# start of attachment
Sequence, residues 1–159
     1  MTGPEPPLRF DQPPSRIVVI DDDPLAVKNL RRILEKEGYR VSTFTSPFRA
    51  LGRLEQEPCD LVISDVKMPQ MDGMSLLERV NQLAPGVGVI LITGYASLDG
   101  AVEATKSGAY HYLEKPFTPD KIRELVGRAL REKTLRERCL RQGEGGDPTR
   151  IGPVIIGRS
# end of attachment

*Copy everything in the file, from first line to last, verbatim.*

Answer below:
Sequence, residues 1–159
     1  MTGPEPPLRF DQPPSRIVVI DDDPLAVKNL RRILEKEGYR VSTFTSPFRA
    51  LGRLEQEPCD LVISDVKMPQ MDGMSLLERV NQLAPGVGVI LITGYASLDG
   101  AVEATKSGAY HYLEKPFTPD KIRELVGRAL REKTLRERCL RQGEGGDPTR
   151  IGPVIIGRS